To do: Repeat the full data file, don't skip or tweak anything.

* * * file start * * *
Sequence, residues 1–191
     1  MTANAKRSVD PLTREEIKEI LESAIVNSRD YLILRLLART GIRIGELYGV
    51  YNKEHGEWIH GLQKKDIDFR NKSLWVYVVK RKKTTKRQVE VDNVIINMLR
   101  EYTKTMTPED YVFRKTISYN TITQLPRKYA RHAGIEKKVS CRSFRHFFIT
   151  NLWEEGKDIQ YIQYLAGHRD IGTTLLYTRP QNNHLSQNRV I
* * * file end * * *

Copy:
Sequence, residues 1–191
     1  MTANAKRSVD PLTREEIKEI LESAIVNSRD YLILRLLART GIRIGELYGV
    51  YNKEHGEWIH GLQKKDIDFR NKSLWVYVVK RKKTTKRQVE VDNVIINMLR
   101  EYTKTMTPED YVFRKTISYN TITQLPRKYA RHAGIEKKVS CRSFRHFFIT
   151  NLWEEGKDIQ YIQYLAGHRD IGTTLLYTRP QNNHLSQNRV I